The Appeal Court's ruling has not overturned the adoption of the child
Senior judges have attacked the "disgraceful" conduct of East Sussex social services over the adoption of a child against the wishes of her father.
Lord Justice Thorpe said East Sussex County Council "was out to gain its ends by means more foul than fair" by rushing through the adoption case.
Appeal Court judges ordered that copies of their ruling should be sent to all family judges and adoption agencies.
A council spokesman said it would carefully review its part in the case.
It said it would also examine its procedures in light of what the judges had said.
"In exercising our responsibilities in cases like these we always have to achieve a difficult balance between considering the best interests of the child, dealing with matters in a timely way, and the interests of the birth parents and prospective adoptive parents," a council statement said.
The child, who the court ordered should not be identified, was born in November 2006 to parents who had had a casual relationship.
The appellant, identified only as MC, did not know he was the father until the council served care proceedings on him and asked him for a DNA test.
At the time the child was with her mother but the council had recommended adoption.
The Court of Appeal in London heard that although the father was served with the proceedings he was in hospital after a heart attack and took no part.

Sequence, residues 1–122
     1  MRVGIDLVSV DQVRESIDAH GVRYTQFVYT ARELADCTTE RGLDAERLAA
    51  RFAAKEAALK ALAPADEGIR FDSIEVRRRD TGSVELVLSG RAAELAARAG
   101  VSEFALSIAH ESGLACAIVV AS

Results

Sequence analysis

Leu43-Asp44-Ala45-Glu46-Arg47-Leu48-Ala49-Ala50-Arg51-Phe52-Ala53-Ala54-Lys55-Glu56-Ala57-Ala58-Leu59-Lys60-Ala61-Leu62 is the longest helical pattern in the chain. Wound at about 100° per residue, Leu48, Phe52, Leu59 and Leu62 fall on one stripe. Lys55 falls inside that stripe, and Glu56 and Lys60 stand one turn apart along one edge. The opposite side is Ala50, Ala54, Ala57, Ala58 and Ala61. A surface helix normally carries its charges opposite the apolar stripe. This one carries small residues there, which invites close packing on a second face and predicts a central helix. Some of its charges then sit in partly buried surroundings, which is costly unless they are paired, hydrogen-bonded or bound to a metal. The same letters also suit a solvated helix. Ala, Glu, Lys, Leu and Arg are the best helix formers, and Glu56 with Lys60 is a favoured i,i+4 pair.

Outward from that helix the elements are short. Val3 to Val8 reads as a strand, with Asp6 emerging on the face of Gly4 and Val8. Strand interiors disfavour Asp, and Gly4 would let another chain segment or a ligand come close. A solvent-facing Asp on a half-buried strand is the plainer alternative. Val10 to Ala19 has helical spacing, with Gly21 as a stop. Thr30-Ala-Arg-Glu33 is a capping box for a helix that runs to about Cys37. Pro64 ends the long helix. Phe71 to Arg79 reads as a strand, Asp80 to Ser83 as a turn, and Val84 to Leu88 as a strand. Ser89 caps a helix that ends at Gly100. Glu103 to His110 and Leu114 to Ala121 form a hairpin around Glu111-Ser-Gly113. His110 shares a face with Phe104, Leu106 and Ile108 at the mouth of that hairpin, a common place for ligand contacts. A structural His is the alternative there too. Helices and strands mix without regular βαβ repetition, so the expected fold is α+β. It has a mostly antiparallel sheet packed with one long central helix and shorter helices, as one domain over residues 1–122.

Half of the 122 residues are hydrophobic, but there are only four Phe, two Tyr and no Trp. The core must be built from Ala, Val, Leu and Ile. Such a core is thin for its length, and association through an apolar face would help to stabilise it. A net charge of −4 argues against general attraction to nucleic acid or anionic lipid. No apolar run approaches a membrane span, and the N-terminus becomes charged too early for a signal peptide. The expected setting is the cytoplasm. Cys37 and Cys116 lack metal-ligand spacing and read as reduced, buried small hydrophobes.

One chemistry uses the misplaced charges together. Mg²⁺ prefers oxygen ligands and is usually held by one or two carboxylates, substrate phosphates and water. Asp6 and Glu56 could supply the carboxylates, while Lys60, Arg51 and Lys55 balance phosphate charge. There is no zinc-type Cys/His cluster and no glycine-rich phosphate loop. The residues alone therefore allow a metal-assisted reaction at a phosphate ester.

He eventually learned of the adoption plans once the child, known as J-L, was in the care of foster parents.
He alerted his solicitors who immediately contacted the council and applied for permission to revoke the placement order at Brighton County Court.
Barbara MacDonald, the lawyer who acted for the father, said the hearing was due to take place on 30 January, but on the day before the council ratified the adoption panel's decision.
She said it meant that the father, when he got to court on the 30 January, "couldn't be heard by the judge".
Lord Justice Thorpe said the council should have responded "promptly and openly" to the solicitors' inquiries and the father had "suffered a manifest injustice".
"The council's failure to answer that letter and subsequent placement on the eve of the hearing give rise to the clearest inference that the council was out to gain its ends by means more foul than fair," he said.
The judges added that no evidence in response to the father's statement was heard at an adoption meeting.
But the judges' panel ruled with "regret" that they could not allow the father to challenge the adoption order in court.
Lord Justice Wall said "a travesty of good practice" had happened in the case but ruled that the best course of action would be to ensure such conduct could not happen elsewhere.
He added that he could see no reason why a High Court judicial review should not declare a decision such as that taken by the agency as unlawful.
"If it did so, it would quash the decision to place the child for adoption," he said.
A spokesman for the father's solicitors said they would be seeking legal aid to pursue the judge's suggestion.
East Sussex County Council said it regretted that the father's late intervention was not acknowledged by letter
"It remains our view that it would not have been in the best interests of the child to delay the adoption process further and we are pleased to say that the child is happy and thriving."
Nadine Taylor, from Fathers 4 Justice, said the case illustrated similar problems experienced by many "who had no voice".
"I don't think I have seen anything positive about social services since I've been doing this work... it's as if they just ignore the fact that fathers and grandparents exist."
She added: "We have a father who's been denied the opportunity to be a loving father to his own, his own child, his own flesh and blood.
"And on top of that you have grandparents who would have probably adored the fact that they had a grandchild to dote on, and they again have been cut out of that child's life."